Next week we will continue discussion of the Department of Justice [sic] ruling on 100% licensing and partial withdrawals from the songwriter’s point of view. Participants will be songwriters Michelle Lewis and Kay Hanley of Songwriters of North America, David Lowery and Chris Castle. Watch this space for links to the podcast when it is completed, probably August […]
We made the Google/DOJ ruling on 100% licensing available on the MTP website, you can get it at this link: https://musictechpolicy.files.wordpress.com/2016/08/doj-100-pc-licensing-ruling.pdf
More to come.
Statement of IMPF Board of Directors on the U.S. DoJ’s 100% licensing scheme
How is it possible that the U.S. Department of Justice made a decision to not only leave the outdated consent decrees as they are, despite all the meetings, entreaties and ideas of the last two years, but added to its’ interpretation of those decrees in a clearly punitive and devastating move for small and indie music publishers and their songwriters?
In what was described by IMPF, the independent music publishers forum, as ‘an unmitigated disaster’, the decision only looks at the 100% licensing concept, which goes against common practise in the music industry, forcing, as it will, the CMOs to adopt ‘100% licensing’ despite the fact that the CMO may not actually represent all the owners of the musical work.
“This decision will result in confusion and chaos for everyone, from music publishers, to collective rights managements organisations around the world, and licensees and sadly and ultimately for songwriters, who will suffer the most, as this new system will lead to unfair prices that do not reflect the real value of their musical works” said Pierre Mossiat, President of the IMPF Board of Directors. “In short nothing has been fixed but everything has been further broken” he added.
IMPF also noted that the decision has implications for the way the U.S. does business abroad as it ignores international trade protocols, and may in fact be unlawful under WTO rules, as, applying this rule to copyrights originating in countries other than the U.S., when the rule is not recognised in those other countries, has profound ramifications.
IMPF will lend full support to ASCAP and BMI in the U.S. and to local and international music publishers as they figure out ways to address their options in a situation that was entirely avoidable, and until now has ever been an issue.
IMPF serves as a network and meeting place for independent music publishers. Its main objectives are to share experiences and best practices in music publishing; exchange information on the legal framework and music publishing environment; coordinate actions and support projects relevant to composers and music publishers; represent the interests of the independent music publishing community; and stimulate a favourable environment for artistic, cultural, linguistic and commercial diversitywww.impforum.org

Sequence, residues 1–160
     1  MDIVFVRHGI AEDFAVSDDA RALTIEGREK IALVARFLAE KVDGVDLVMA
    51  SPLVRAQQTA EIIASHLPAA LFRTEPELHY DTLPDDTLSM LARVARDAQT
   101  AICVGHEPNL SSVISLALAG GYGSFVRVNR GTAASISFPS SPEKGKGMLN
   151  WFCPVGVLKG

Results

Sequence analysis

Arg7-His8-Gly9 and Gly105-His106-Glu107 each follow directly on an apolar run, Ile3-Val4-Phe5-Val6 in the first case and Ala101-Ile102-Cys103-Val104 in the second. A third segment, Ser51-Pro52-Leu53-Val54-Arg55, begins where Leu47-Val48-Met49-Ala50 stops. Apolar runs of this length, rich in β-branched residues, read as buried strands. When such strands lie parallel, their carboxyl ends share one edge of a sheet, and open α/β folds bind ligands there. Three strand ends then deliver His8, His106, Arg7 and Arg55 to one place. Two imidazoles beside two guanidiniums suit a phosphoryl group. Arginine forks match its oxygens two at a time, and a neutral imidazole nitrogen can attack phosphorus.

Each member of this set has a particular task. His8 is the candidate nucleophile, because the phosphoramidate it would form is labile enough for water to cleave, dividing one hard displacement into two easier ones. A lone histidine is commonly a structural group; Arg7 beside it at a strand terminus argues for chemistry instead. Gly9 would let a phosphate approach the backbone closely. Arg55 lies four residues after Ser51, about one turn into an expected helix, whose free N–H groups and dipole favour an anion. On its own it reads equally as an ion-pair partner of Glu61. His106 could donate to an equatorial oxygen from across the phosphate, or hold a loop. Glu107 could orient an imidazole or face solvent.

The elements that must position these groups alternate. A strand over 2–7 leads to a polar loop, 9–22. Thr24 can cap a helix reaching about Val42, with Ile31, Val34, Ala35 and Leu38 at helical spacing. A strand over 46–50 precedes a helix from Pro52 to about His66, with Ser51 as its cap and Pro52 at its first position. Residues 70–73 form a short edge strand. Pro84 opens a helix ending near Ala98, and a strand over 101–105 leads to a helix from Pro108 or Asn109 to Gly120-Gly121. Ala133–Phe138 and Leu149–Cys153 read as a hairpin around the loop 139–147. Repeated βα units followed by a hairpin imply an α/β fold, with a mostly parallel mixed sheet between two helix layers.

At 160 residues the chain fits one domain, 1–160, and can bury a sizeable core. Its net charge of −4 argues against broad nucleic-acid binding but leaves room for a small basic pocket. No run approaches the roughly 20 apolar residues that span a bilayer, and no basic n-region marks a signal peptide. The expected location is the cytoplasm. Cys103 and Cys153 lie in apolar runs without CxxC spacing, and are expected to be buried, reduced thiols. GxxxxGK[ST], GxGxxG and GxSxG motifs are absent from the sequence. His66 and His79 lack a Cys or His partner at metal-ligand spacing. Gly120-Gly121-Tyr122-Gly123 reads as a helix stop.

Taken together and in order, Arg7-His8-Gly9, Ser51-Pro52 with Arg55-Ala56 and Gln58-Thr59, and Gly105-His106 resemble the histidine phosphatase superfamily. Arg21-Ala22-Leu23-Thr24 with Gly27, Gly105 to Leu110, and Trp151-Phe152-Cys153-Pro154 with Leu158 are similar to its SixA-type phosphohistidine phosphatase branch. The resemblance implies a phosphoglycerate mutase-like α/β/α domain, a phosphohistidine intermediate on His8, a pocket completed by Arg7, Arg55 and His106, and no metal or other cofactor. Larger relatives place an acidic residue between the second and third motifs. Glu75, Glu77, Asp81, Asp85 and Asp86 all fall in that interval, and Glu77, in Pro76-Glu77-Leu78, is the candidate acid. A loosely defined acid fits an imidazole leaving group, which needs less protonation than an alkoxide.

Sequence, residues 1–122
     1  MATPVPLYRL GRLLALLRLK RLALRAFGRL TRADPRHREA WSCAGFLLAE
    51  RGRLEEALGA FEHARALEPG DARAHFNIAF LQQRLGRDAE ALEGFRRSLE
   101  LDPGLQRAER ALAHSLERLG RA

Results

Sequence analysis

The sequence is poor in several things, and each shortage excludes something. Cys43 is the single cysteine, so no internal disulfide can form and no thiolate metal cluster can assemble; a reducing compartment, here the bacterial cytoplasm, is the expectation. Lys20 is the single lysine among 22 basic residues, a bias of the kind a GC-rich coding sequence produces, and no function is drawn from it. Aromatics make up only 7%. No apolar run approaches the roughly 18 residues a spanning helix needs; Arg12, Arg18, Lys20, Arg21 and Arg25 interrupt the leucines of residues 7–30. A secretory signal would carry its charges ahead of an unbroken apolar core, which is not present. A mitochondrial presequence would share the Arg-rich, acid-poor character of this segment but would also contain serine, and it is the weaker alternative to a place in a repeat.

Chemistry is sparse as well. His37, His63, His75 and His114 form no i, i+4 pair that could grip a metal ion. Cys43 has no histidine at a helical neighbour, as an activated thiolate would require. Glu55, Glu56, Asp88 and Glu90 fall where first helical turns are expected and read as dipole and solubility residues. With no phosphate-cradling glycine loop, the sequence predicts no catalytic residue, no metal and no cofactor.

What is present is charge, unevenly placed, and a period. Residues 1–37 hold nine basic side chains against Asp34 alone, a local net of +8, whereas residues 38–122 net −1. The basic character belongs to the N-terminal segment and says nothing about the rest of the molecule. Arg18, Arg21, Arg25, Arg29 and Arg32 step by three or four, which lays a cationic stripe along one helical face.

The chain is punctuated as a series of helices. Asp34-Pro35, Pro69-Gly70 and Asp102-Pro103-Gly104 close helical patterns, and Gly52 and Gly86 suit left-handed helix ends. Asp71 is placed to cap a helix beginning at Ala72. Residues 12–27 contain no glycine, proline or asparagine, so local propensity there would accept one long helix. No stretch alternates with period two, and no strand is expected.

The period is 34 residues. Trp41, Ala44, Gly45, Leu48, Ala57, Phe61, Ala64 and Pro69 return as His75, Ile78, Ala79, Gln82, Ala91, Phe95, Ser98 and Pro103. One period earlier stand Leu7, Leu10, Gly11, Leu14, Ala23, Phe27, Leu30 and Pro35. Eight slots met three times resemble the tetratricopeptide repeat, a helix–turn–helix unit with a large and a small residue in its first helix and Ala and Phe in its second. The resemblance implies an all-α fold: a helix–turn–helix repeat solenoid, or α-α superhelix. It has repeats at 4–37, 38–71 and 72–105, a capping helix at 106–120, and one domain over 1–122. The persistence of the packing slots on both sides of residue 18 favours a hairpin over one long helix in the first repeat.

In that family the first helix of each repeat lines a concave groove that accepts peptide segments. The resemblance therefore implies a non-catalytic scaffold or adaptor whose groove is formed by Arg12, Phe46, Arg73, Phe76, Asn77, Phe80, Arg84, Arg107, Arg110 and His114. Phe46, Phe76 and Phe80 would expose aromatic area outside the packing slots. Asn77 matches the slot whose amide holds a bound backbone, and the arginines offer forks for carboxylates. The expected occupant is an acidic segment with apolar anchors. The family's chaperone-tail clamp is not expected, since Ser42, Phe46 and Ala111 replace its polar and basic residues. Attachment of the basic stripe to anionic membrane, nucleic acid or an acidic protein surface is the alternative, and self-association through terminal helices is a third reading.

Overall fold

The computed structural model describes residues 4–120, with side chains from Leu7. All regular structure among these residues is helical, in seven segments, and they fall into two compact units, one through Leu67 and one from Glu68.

This is an open letter to songwriters from Warner/Chappell CEO Big Jon Platt on the unconstitutional Google DOJ ruling and unfunded mandate from former Google lawyer and Department of Justice official Renata B. Hesse:
As you may be aware, for the last two years, ASCAP and BMI have been in discussions with U.S. DEPARTMENT OF JUSTICE (DOJ) regarding the decades-old consent decrees that govern ASCAP’s and BMI’s licensing practices. The objective was to have the consent decrees amended and updated in order to make them more responsive to today’s fast-moving, and increasingly digital, music business. However, in a hugely disappointing decision, the DOJ has declined to implement any of the changes requested by ASCAP and BMI.
But what’s more, the DOJ has determined that the consent decrees require ASCAP and BMI to license their repertoire on a 100% basis. This means that any licensee would be able to obtain a license for 100% of any song from ASCAP or from BMI, even if that society only controls a small portion of the song. This determination is completely inconsistent with the manner in which ASCAP and BMI have issued public performance licenses and threatens to undermine the very system by which songwriters have, for many years, been compensated for the public performance of their songs. It is especially alarming that the DOJ has come to this determination despite the overwhelming concerns expressed by ASCAP, BMI, NMPA, publishers, songwriters and even the U.S. COPYRIGHT OFFICE. In JANUARY, the COPYRIGHT OFFICE advised that: “Such an approach would seemingly vitiate important principles of copyright law, interfere with creative collaborations among songwriters, negate private contracts, and impermissibly expand the reach of the consent decrees.”
Our loyalty – first and foremost – is always to you, our songwriters. Our understanding is that, because there are so many unanswered questions and implementation challenges, the DOJ is providing a one-year grace period for the industry to adapt to the DOJ’s new interpretation of the consent decrees. We are and will be working on your behalf, independently and with ASCAP, BMI and NMPA, to explore all available strategies to preserve and grow your public performance revenue in the face of the DOJ’s unfortunate determination.
At WARNER/CHAPPELL, the DOJ’s actions have only strengthened our resolve to find new revenue opportunities for our songwriters. As we move forward, we will keep you informed and we may ask you to lend your support to our efforts.